Storing Student Publications - Studies Weekly

Ideas for Storing Student Publications

Aug. 9, 2023 • Debbie Bagley

You’ve received your Studies Weekly student editions, sorted them the way that works for your classroom, but how do you store them?

Here are some of my favorite ideas for storing Studies Weekly student publications. 

Initially when my Studies Weekly materials come, I separate the student print publications and file them by weeks so I have them all in my filing basket ready to grab and go during the year. 

These file crates work wonderfully to file the Student Publications by week so they are all ready to go when needed:

file organizer - classroom organization

These plastic drawers are another inexpensive and versatile option. You can store student publications and other materials by the students’ tables, if space for large cubby shelves is not an option:

classroom organizer - plastic drawer

This type of shelf is an inexpensive option if you want to create student cubbies:

classroom organization

Plastic bins can also work as student cubbies to store their publications and other materials:

classroom management tips - student cubbies

These storage cubby shelves are a wonderful option, but are more expensive:

classroom management tips - storage shelves

I personally use Studies Weekly by passing them out just one week at a time as we are using them. This helps so they do not get damaged or lost. 

I really like using cubby shelves in my classroom. I had a large one with shelves that housed the students’ workbooks, Studies Weekly materials, and other essentials, sorted by table and subject. The table leaders for the week were responsible for gathering and distributing the materials for their table as I instructed them to do so. Remember, have students put their names on their publication.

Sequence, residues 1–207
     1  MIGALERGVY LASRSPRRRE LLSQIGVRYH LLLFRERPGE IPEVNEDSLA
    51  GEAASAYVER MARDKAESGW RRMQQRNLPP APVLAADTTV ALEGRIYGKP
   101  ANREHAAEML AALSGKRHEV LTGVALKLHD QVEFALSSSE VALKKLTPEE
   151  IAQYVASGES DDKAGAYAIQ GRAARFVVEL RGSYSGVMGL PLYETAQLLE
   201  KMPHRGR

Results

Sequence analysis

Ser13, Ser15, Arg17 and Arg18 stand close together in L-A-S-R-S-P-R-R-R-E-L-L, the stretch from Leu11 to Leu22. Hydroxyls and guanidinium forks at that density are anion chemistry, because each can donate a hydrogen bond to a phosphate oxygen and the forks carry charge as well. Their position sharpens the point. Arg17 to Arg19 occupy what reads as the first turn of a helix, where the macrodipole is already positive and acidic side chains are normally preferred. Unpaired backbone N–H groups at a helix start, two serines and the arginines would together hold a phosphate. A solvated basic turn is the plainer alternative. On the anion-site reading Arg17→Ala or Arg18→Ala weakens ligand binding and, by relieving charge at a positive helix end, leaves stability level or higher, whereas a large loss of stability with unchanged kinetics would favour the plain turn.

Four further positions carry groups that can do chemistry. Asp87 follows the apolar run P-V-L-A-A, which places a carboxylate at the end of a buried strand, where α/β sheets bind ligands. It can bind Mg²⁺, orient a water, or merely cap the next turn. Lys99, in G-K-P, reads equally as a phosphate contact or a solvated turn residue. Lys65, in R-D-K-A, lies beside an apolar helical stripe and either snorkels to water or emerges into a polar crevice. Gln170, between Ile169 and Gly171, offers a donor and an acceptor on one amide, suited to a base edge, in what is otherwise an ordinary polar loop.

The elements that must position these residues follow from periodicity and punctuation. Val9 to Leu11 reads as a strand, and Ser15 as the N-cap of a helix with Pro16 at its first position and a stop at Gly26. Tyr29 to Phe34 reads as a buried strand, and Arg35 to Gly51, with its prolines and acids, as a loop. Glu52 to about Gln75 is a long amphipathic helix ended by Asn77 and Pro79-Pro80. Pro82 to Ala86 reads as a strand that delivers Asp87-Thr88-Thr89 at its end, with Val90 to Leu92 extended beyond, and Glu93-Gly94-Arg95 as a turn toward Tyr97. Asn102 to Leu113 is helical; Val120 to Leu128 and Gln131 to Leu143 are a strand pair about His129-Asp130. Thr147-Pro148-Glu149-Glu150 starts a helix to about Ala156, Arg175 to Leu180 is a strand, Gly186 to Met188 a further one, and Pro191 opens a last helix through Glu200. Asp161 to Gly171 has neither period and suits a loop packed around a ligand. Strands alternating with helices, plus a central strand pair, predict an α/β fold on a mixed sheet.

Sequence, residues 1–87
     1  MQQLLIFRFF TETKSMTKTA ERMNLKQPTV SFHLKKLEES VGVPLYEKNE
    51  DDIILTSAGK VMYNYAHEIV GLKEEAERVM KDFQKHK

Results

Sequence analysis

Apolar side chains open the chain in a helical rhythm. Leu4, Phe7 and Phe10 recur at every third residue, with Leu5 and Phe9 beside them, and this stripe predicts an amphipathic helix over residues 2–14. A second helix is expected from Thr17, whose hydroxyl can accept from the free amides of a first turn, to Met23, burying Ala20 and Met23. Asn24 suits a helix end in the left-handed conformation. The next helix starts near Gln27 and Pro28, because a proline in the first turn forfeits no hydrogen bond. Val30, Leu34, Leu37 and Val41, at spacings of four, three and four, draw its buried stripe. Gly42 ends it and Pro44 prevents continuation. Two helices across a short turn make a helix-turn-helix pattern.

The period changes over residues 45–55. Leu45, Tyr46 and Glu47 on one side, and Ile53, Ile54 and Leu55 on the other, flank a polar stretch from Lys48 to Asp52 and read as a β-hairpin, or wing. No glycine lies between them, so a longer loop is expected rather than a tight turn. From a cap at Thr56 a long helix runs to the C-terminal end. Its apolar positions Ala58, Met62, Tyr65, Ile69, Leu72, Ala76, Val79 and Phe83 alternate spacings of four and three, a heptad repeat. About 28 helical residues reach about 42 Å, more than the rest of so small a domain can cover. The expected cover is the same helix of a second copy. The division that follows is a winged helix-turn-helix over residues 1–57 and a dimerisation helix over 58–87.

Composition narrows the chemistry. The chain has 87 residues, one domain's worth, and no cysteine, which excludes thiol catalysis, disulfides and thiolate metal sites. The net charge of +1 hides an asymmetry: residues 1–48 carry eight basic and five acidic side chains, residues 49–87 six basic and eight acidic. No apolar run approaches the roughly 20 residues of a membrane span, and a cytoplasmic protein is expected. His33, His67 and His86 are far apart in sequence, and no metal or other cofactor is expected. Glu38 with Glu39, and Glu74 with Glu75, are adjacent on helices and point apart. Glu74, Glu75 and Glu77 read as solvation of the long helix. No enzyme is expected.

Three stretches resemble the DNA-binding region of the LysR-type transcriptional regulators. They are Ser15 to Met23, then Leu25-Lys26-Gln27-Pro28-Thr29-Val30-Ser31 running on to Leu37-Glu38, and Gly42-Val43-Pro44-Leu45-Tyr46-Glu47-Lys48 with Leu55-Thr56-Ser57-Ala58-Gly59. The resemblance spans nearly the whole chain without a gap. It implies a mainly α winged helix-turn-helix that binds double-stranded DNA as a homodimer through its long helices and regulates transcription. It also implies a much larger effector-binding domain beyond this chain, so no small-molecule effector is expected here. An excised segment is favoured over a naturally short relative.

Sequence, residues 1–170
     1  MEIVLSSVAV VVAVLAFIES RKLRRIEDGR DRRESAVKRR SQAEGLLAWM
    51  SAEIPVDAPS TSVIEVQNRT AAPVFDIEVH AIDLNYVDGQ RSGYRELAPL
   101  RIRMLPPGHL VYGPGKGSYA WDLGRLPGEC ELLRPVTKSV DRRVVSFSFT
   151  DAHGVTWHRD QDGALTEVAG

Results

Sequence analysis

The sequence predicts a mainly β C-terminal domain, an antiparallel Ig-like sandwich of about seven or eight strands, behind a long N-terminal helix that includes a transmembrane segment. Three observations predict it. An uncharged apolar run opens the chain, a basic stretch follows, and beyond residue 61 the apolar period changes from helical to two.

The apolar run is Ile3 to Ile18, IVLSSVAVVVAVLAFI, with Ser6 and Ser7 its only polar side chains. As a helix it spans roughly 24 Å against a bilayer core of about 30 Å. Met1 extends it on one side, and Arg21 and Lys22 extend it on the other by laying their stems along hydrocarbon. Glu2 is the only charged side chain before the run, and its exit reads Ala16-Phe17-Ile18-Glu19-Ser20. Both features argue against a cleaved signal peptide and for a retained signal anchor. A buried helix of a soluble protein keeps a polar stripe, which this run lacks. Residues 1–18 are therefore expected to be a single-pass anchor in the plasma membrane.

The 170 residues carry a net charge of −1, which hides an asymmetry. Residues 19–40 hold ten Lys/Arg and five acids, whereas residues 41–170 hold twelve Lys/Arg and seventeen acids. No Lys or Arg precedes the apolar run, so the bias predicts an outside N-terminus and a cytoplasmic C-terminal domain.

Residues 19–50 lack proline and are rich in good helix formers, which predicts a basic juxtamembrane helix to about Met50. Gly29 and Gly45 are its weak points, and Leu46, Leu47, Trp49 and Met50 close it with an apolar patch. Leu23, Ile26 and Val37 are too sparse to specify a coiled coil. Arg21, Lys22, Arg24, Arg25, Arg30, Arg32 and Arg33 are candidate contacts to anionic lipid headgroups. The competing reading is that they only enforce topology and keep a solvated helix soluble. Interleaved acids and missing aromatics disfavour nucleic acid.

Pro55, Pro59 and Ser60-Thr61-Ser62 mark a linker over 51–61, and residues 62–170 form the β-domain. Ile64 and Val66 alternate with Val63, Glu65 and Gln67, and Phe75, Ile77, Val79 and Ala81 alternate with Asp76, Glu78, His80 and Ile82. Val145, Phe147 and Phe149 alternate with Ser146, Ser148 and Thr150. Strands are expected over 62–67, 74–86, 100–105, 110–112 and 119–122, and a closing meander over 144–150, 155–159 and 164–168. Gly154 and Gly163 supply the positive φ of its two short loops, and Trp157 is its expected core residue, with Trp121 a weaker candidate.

Each student also had their own personal cubby. Anything that would be going home was put in their cubby to go in their backpacks at the end of the day. If we were finished with our Studies Weekly publication, students put them in their cubbies to take home. There, they shared their learning with their families, could use them to play school, make posters and projects with them at home, or keep them in a treasure box. (Some students loved them so much they really did this!) So cute!

If we did not finish them for the day and needed them available for the next lesson time, there are a couple things we would do:

    1. If I wanted to look over how they marked them for the language arts skills learned through our reading, I would have them put their names on them, and then I’d collect them by picking them up as I excused students to transition to center time or recess. Collecting them ensures I get them all.
    2. Sometimes, I had students put the publications in the ”turn in box” as I called their table to line up for recess. This teaches students personal responsibility, plus excusing one table at a time allows me to watch to make sure they are remembering to turn them in. 🙂

In both situations, I’d check the students’ work, and then hand them back out to the students before starting our next lesson.

Another idea you can do, is to have a folder or binder that students can keep their student publications in while studying them and/or using them for the week. These binders/folders could be kept with their interactive notebooks in their desks (if they have one), or in a seat pocket, or in their table cubbies.

If teachers wanted to distribute the entire unit at one time, they could put each unit in a folder. Folders work better with older students, and help to prepare them for secondary education processes. (In my experience, younger graders often misplaced or accidentally took home the student publication when we used folders or binders.)

I hope these ideas are helpful!